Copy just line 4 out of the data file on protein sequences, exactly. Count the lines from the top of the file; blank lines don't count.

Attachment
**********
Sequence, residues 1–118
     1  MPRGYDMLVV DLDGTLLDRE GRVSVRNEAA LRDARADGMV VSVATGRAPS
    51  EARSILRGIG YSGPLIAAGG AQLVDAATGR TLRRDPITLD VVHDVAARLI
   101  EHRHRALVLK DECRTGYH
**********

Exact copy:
   101  EHRHRALVLK DECRTGYH